EVALUATION: The decision whether to issue a permit will be based on an evaluation of the probable impact including cumulative impacts of the proposed activity on the public interest. That decision will reflect the national concern for both protection and utilization of important resources. The benefits, which reasonably may be expected to accrue from the proposal, must be balanced against its reasonably foreseeable detriments. All factors which may be relevant to the proposal will be considered including cumulative impacts thereof; among these are conservation, economics, esthetics, general environmental concerns, wetlands, historical properties, fish and wildlife values, flood hazards, floodplain values, land use, navigation, shoreline erosion and accretion, recreation, water supply and conservation, water quality, energy needs, safety, food, and fiber production, mineral needs, considerations of property ownership, and in general, the needs and welfare of the people.
Evaluation of the impact of the activity on the public interest will also include application of the guidelines promulgated by the Administrator, EPA, under authority of Section 404(b) of the Clean Water Act or the criteria established under authority of Section 102(a) of the Marine Protection Research and Sanctuaries Act of 1972.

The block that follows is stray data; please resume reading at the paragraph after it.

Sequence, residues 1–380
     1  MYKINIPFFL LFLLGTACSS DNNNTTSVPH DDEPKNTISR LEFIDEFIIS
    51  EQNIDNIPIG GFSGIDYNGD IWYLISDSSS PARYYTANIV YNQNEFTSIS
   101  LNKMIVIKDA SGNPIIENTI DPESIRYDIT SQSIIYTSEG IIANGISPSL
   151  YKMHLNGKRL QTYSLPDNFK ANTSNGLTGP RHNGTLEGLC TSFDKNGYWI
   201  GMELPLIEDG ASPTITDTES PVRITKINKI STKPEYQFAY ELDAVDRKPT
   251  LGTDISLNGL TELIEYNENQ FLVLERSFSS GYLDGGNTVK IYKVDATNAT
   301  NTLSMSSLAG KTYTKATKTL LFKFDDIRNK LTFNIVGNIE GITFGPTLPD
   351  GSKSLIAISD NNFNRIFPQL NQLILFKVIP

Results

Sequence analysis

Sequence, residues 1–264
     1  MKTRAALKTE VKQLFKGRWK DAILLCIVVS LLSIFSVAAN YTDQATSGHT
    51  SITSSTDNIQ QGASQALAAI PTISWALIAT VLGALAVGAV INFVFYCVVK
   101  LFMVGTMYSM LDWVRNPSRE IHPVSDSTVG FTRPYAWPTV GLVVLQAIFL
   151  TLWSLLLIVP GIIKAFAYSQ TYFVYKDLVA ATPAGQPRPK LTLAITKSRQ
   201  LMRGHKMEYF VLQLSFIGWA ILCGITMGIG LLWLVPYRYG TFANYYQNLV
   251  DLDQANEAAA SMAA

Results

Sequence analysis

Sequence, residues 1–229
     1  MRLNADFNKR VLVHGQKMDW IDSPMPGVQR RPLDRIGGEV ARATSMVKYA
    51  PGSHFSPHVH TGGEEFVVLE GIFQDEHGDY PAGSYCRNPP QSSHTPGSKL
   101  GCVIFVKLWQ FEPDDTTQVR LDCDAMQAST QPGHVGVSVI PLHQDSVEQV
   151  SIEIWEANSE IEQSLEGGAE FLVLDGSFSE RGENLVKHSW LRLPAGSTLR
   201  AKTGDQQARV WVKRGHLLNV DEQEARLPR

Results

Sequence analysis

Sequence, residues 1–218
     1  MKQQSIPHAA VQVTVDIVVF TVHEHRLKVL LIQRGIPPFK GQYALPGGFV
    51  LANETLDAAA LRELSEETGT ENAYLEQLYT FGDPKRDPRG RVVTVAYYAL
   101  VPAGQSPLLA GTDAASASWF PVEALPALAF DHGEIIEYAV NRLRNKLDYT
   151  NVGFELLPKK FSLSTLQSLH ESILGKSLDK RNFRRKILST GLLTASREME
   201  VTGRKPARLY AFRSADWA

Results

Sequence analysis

The US Army Corps of Engineers (Corps) is soliciting comments from the public; Federal, State, and local agencies and officials; Indian Tribes; and other Interested parties in order to consider and evaluate the impacts of this proposed activity. Any comments received will be considered by the Corps to determine whether to issue, modify, condition, or deny a permit for this proposal. To make this determination, comments are used to assess impacts to endangered species, historic properties, water quality, general environmental effects, and the other public interest factors listed above. Comments are also used to determine the need for a public hearing and to determine the overall public interest of the proposed activity.
WATER QUALITY CERTIFICATION: This public notice serves as the notification to the EPA pursuant to section 401(a)(2) of the Clean Water Act. Water Quality Certification may be required from the St. Johns River Water Management District.
COASTAL ZONE MANAGEMENT CONSISTENCY: In Florida, the State approval constitutes compliance with the approved Coastal Zone Management Plan. In Puerto Rico, a Coastal Zone Management Consistency Concurrence is required from the Puerto Rico Planning Board. In the Virgin Islands, the Department of Planning and Natural Resources permit constitutes compliance with the Coastal Zone Management Plan.
REQUEST FOR PUBLIC HEARING: Any person may request a public hearing. The request must be submitted in writing to the District Engineer within the designated comment period of the notice and must state the specific reasons for requesting the public hearing.